Monday, August 14, 2006

shopping after midnight

I habitually postpone my grocery shopping until after midnight. That's when the tony stores -- Whole Foods, Andronico's, Draeger's, Mollie Stone's -- and the foodie stores -- Monterey Market, Berkeley Bowl, and even Trader Joe's -- are all safely closed, shut tight for the night. Nobody whips up a little amuse-bouche that late at night; no need to rush out for some monkfish liver and quail eggs. (I'm amused to see that Monterey Market's web site has been hacked. I didn't know that the slow food movement had such passionate enemies.)

But after midnight is when Safeway and its all-night kindred major grocery store chains shine.

Slow food? Fast food? Nah -- you're thinking of something else, something upscale, something downscale, something trendy, something greasy and enticing. This is medium food, cuisine for the lazy, the mediocre, the not-too-hungry: food for people like me. It's neither so lip-smacking that you have to wolf down half of it on the way home nor so disgusting that you can't bear to look in the mirror after you've eaten it.

Medium food. Ordinary food. Safeway Select packaging and affinity card bargains.

But it's medium food in the middle of the night. And that makes it special.

In the middle of the night you don't find whole families stalled out in the cereal aisle. Nobody's Ritalin is wearing off ("Sweetie, don't knock that over! Someone's going to lose his videogame privileges tonight. I mean it!"). No chubby little fingers grabbing at the stock shelved at impulse purchase height, spreading nursery-school diseases among the general populace. Nope. It's people like you and me shopping late at night.

Purple-haired punks who don't want to be seen doing anything so normal as buying Baked Lays Low-Fat Potato Chips. Speed freaks cruising for Snickers Big Bars and Scotch tape. Drunks replenishing their Safeway Select Premium Vodka stash. Gangstas and their posses boosting 48 oz. plastic bottles of Mountain Dew. The recently divorced and the career unemployed. The night shift workers. The EMTs, the stalkers, and the sociopaths. We're all attracted to the bright lights. SAFE WAY.

The only person pushing a supermarket cart at this time of night is me. Most people have a small red basket hooked on one arm or an item or two in their hands (or indiscreetly protruding from a pocket or purse). They're not shopping for much: their needs are immediate, urgent, compulsive.

Except me. I'm planful. Not only am I pushing a cart; I'm consulting a long list. I stop now and then to cross off items with my Uniball ONYX fine point pen.

Lunch meat
Tomatoes
Lemon grass
Milk
Mrs. Renfro's Jalapeno Slices
.....

The list is long and detailed.

I cross them off methodically, one by one, as I fill my cart with medium food. Soup. Green peppers. Garlic. Microwave popcorn. Nothing too good; nothing too bad.

You have to be creative to shop after midnight.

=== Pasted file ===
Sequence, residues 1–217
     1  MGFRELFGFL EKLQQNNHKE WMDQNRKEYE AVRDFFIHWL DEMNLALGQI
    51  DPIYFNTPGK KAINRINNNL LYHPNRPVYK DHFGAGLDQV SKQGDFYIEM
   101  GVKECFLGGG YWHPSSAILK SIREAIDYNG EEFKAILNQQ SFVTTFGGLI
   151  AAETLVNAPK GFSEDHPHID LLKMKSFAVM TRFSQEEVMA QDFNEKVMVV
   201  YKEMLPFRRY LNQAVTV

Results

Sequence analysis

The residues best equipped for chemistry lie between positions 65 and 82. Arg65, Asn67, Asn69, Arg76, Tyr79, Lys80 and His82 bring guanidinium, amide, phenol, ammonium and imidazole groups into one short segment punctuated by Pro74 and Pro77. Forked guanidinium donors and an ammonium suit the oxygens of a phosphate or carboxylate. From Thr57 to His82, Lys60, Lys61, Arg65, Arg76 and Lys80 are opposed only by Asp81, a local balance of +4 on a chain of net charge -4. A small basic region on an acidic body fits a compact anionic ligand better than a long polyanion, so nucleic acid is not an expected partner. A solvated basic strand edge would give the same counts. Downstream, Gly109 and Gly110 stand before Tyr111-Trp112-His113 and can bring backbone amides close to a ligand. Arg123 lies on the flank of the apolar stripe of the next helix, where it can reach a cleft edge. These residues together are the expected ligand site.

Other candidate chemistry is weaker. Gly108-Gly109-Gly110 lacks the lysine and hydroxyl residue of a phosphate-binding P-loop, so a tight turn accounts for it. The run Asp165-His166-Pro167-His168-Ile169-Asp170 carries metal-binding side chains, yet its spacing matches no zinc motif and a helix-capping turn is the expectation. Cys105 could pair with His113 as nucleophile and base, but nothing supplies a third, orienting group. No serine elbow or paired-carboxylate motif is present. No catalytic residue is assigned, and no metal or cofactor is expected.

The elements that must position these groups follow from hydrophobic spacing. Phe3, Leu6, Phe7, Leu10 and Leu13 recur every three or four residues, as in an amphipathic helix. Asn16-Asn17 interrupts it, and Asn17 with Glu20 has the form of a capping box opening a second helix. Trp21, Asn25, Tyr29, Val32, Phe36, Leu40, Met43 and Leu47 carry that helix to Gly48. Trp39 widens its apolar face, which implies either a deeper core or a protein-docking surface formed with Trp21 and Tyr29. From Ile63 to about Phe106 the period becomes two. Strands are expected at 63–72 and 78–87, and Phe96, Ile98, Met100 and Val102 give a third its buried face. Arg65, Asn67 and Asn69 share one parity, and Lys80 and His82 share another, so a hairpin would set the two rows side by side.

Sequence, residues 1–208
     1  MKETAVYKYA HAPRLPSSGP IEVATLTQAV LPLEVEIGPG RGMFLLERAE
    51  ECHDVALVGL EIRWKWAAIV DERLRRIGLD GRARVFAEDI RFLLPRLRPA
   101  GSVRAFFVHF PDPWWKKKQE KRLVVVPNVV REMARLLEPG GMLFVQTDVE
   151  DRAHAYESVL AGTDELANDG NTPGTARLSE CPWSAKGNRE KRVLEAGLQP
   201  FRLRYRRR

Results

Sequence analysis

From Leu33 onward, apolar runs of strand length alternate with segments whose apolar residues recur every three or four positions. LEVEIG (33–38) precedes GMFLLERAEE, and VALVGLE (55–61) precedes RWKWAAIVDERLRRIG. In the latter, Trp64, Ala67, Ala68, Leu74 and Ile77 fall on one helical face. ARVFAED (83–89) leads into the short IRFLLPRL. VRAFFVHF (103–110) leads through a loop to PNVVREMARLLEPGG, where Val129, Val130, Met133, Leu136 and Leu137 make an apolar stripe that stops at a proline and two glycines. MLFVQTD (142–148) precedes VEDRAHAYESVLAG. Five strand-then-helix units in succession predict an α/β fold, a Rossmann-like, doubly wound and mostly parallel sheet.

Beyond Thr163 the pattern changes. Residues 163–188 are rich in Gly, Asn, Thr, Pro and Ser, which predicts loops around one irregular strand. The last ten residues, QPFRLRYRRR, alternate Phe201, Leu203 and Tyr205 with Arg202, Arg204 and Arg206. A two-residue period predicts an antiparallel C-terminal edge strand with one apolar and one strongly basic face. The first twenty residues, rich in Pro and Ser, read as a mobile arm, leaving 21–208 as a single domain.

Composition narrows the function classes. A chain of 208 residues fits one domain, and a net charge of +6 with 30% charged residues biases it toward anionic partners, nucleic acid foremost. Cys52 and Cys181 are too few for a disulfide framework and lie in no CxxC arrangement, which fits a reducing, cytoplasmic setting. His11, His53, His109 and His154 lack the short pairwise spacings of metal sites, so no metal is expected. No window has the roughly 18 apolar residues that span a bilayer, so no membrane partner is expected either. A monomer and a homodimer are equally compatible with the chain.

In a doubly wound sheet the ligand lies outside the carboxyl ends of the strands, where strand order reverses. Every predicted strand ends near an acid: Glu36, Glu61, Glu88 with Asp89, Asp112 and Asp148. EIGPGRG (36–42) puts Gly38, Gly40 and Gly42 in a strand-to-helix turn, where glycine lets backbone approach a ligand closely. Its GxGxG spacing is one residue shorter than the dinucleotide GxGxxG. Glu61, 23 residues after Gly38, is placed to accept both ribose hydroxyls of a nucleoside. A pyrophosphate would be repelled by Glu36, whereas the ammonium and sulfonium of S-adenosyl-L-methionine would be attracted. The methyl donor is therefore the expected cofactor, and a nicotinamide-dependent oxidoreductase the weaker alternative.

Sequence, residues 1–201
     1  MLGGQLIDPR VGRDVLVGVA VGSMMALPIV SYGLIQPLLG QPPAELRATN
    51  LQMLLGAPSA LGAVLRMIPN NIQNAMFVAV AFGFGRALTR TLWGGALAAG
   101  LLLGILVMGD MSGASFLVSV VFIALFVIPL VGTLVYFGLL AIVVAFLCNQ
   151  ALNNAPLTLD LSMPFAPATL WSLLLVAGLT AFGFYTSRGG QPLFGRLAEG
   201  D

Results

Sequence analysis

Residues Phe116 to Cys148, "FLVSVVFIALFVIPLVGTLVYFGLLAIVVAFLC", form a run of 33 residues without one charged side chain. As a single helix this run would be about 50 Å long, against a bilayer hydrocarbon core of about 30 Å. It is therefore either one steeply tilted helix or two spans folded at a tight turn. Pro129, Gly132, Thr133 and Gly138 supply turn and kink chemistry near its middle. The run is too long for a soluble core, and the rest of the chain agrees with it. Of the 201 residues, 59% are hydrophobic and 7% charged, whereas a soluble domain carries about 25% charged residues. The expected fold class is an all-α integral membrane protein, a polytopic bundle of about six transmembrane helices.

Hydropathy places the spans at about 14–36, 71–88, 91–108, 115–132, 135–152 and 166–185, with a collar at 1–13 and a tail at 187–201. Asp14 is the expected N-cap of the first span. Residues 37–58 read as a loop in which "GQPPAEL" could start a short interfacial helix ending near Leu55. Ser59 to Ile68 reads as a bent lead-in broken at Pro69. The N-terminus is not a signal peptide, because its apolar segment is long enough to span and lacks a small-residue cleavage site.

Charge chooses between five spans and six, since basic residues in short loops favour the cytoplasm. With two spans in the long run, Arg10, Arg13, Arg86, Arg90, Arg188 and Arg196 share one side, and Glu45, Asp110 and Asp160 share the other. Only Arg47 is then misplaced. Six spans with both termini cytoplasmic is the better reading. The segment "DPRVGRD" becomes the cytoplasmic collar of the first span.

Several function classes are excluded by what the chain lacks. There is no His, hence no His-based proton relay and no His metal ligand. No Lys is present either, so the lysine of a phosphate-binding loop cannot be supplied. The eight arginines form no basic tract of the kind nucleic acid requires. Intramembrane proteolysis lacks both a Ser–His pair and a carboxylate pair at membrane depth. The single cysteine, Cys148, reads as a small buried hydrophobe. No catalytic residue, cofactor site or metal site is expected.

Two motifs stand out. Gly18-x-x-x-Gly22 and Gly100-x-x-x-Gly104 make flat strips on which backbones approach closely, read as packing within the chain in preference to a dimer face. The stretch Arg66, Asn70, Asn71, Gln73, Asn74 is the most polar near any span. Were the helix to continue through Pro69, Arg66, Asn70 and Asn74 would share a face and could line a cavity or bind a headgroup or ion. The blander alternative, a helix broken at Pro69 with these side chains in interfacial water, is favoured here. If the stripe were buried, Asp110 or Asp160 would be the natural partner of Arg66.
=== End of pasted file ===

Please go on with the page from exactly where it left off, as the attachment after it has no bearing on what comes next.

"Just how similar are jicamas and kohlrabi anyway?" you ask yourself.

They're both root vegetables and they're both shaped like alien spacecraft. But kohlrabis are in stock late Sunday night; jicamas are not. Surely a substition can be made.

That's the way it is in the wee hours. You have to be adaptable: the produce section's been decimated. You'd think people actually liked to eat broccoli.

And corn? Nobody ever has enough corn to eat, even after they've consumed gallon after gallon of corn sweetener (annual per capita corn sweetener consumption increased to 79 pounds in 2003). The corn display looks like a flock of magpies has recently descended upon it. Corn silk clings to every damp surface. Husks are scattered hither and yon. Only a few sad abandoned ears -- ears with misshapen kernels and brown rotten spots -- remain.

But it was broccoli I was after, and much to my surprise, I could put together a half pound of the stuff gathering from the edges of the bins and combining crowns with flowerets, organic with locally farmed.

Face it: broccoli has as many cuts as beef.

It's not until I got to the in-store bakery that I realized why medium food is the answer to all the universe's unasked questions. As I examined the the last straggling Bismarks bathed in the surreal light of the donut case, I noticed the crucial message overhead:

AT SAFEWAY A DOZEN IS 14

Got that? Not 12, as you learned in elementary school. Not 13, as in "a baker's dozen." But 14. As in, "We'll go you one better." As in, "We're a nation of abundance." As in, "Too much of anything is just enough."

That's what it's all about. 14 when you wanted 12. When 6 would actually do. You've got 14. Now deal with it.

The store staff is in the middle of reshelving by that time of night. Stacks of boxes are everywhere, creating a splendid obstacle course for me and my grocery cart. It's a slalom ride down the catfood aisle, especially if you make challenging rules for yourself. Push off once and don't put your feet back on the floor 'til you get to the end of the aisle. Mind those greeting cards!

Even though those piles of cardboard boxes look sturdy, it's surprisingly easy to knock 'em down.

Every once in awhile, an over-eager shopper (such as myself) breaks into one of the unopened cardboard boxes. Sure, I don't really need Tide today. But it's really nice to know there's enough for me to buy the sale maximum. ("Limit 6 to a customer!") It's one of the perqs of shopping late at night.

The cereal aisle is always the most problematic venue in the store, even if you go to Safeway bright and fresh in the morning. So many choices. There's the major label stuff, the Post Grape Nuts (although surely no-one eats those rock-hard little cardboard nuggets, do they?), the Kellogg's Sugar Frosted Flakes ("They're GRRRREAT!"), the General Mills Wheat Chex (a crucial ingredient in classic Chex Party Mix as well as being adjacent to this complete breakfast).